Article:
A full screen version of this chart can be found here.

ScotiaBank's 3-year average forward dividend yield is 5.19% which corresponds to a share price of $60 based on the new annualized payout.  

I consider the fair value range based on dividend yield theory to be the 3-year moving average yield +/- 10%.  That gives a fair value range of $55 - $67 and suggests that shares are trading around fair value.

Another quick and dirty valuation method is the Gordon Growth or Dividend Discount model.  This valuation method is based solely off the expected future dividends as well as your required return.  Based on a 10% discount rate and assuming Bank of Nova Scotia can maintain 5.0% annual dividend growth shares are worth around $66 per share.

A full screen version of this chart can be found here.

The above chart shows the DDM valuation using the 5% growth rate and 10% discount rate in comparison to the share price over time.  The DDM for Bank of Nova Scotia looks a bit odd due to the CAD:USD exchange rate being factored in as well.

Wrap Up

This raise increased my forward dividends by $9.49 with zero effort on my part.  That's right, absolutely nothing to contribute to their operations.  Based on my FI Portfolio's current yield of 2.34% this raise is like I invested an extra $406 in capital.  Except that I didn't!  One of the companies I own just decided to send more cash my way. 

That's how you can eventually reach the crossover point where your dividends received exceed your expenses.  That's DIVIDEND GROWTH INVESTING AT WORK!  The beauty of the dividend growth investing strategy is that you build up your dividends through fresh capital investment as well dividend increases from the companies you own.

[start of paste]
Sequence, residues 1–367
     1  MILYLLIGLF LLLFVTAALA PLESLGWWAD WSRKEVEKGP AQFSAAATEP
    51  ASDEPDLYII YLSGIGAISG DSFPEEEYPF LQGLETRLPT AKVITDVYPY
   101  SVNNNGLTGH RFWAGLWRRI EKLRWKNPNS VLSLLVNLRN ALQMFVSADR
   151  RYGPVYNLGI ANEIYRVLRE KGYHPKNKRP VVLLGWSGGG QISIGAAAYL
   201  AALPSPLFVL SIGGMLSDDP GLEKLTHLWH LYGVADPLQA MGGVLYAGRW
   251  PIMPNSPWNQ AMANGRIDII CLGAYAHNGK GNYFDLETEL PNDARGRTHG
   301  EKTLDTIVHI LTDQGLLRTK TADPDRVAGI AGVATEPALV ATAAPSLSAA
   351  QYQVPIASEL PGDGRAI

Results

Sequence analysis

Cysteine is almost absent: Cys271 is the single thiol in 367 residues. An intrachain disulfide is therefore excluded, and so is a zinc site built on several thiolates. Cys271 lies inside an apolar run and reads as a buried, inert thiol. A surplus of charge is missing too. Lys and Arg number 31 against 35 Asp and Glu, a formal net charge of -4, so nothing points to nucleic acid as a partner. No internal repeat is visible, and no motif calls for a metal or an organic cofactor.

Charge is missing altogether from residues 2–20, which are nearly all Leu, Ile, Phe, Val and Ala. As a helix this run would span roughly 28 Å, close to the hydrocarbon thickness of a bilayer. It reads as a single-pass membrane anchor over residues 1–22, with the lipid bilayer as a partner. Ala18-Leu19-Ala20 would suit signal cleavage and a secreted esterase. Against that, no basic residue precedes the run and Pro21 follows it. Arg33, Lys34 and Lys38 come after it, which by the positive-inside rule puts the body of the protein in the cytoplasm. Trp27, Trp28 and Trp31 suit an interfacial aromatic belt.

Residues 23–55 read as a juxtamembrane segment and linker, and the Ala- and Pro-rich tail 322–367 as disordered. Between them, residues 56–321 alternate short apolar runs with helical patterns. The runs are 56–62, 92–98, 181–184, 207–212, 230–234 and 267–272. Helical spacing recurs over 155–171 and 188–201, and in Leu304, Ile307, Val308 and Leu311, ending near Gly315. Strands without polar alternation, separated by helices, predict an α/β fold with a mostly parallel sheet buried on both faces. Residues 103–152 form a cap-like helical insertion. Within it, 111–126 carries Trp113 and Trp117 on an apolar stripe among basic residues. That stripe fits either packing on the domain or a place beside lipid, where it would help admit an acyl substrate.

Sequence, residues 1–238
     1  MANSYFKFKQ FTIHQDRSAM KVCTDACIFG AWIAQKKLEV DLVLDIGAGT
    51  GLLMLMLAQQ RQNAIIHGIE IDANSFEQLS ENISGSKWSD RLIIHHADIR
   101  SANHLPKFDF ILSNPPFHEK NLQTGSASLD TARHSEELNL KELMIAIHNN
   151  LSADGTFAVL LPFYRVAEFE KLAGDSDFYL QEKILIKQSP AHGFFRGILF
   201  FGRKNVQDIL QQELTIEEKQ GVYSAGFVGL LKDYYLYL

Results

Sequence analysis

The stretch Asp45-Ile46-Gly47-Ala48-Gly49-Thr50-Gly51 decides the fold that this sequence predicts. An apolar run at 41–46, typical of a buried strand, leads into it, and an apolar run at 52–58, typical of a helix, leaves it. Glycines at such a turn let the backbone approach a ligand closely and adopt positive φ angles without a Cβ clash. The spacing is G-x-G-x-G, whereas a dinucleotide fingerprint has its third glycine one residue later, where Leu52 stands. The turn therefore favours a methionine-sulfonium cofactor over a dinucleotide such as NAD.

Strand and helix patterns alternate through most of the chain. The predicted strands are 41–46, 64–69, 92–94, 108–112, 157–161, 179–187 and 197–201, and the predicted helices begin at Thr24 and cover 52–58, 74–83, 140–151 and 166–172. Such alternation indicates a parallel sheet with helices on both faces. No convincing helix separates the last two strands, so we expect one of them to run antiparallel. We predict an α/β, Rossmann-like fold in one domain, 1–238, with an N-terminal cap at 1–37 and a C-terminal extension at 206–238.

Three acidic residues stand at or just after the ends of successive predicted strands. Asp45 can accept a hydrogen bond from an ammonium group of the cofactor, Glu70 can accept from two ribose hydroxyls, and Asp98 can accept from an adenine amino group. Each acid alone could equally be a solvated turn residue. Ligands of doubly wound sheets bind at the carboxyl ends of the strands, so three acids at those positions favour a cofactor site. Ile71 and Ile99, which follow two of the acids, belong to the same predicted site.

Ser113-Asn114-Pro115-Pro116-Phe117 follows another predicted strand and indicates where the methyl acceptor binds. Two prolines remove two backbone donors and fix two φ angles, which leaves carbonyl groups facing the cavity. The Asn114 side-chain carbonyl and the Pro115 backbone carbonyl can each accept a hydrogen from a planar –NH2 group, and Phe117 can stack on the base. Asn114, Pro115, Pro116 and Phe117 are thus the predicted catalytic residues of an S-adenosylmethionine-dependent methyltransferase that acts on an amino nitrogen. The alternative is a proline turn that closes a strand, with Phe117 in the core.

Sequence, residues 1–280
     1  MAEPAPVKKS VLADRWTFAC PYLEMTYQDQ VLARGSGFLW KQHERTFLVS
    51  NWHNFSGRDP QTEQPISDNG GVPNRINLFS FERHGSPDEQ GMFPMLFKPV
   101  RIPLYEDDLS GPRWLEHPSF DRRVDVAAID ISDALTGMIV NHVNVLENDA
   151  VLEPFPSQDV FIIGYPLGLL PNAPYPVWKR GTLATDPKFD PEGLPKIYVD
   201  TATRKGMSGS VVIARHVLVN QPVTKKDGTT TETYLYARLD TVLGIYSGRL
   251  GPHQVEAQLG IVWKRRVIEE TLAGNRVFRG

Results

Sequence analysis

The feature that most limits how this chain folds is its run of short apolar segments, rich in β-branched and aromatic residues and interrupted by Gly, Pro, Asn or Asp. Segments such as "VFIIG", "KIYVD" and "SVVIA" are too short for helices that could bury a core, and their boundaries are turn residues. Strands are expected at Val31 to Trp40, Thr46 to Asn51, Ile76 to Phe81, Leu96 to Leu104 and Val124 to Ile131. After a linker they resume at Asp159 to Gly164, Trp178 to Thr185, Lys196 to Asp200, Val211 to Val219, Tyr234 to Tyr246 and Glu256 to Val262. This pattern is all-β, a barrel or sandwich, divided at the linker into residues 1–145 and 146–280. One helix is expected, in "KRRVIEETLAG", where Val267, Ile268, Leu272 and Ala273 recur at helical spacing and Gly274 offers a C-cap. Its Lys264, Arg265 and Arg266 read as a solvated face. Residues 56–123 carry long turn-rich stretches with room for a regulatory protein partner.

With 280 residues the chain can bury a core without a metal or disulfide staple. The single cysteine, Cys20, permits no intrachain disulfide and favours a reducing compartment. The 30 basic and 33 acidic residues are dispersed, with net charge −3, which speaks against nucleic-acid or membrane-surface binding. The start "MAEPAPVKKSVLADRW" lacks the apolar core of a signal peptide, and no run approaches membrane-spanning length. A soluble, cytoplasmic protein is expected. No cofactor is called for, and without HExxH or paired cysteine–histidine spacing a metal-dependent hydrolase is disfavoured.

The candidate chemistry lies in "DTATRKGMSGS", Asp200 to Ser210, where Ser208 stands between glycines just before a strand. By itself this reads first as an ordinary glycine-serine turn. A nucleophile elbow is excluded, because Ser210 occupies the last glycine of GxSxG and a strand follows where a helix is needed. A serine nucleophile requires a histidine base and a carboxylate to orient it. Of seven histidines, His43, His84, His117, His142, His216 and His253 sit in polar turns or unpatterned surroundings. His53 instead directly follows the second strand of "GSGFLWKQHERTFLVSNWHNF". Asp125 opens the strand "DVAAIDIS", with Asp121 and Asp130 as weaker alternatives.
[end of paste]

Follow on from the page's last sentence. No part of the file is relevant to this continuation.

I've now received 54 raises from the companies in my FI Portfolio increasing my forward-12 month dividends by $672.76.

My FI Portfolio's forward-12 month dividends are $9,103.05  Including my FolioFirst portfolio's forward dividends of $178.24 brings my total taxable accounts dividends to $9,281.29.  My Roth IRA's forward 12-month dividends are $888.08.  My Rollover IRA's forward dividends are $4,019.76.  Across all accounts I can expect to receive $14,189.13 in dividends over the next year.

I've also started compiling dividend data on many of the companies that I own or would like to own.  Bank of Nova Scotia's can be found here which includes the dividend history (as far back as I can find without spending hours hunting it down), rolling dividend growth rates and dividend yield theory.  To see other companies that I've already gathered the data on you can check out the Dividend Companies page.  Check it out and let me know what you think.

Do you own shares of Bank of Nova Scotia?  What about other Canadian businesses?  What do you think of their long term dividend growth potential?  

Please share your thoughts below.